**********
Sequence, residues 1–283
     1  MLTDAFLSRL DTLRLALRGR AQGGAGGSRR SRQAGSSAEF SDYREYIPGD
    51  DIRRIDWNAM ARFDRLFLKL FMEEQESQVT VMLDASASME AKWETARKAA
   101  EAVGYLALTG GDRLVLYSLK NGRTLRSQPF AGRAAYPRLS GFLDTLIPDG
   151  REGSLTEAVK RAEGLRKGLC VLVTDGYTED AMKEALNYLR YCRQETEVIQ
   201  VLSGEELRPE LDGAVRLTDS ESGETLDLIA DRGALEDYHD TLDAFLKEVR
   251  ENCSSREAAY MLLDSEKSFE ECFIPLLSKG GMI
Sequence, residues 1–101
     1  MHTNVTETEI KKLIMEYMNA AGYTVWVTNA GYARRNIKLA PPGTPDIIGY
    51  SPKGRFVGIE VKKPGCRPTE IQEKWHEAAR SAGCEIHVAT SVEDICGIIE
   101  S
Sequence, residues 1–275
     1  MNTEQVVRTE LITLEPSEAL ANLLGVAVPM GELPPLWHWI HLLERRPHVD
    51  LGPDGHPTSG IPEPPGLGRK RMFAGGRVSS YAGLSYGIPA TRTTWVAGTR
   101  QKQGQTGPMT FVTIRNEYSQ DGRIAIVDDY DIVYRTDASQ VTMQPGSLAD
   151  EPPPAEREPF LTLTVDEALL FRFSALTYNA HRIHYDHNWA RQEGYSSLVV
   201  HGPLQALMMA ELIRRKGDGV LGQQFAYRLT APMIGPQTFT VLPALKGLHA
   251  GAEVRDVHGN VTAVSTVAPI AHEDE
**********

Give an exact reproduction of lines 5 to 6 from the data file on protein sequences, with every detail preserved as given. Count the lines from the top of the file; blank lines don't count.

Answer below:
   151  REGSLTEAVK RAEGLRKGLC VLVTDGYTED AMKEALNYLR YCRQETEVIQ
   201  VLSGEELRPE LDGAVRLTDS ESGETLDLIA DRGALEDYHD TLDAFLKEVR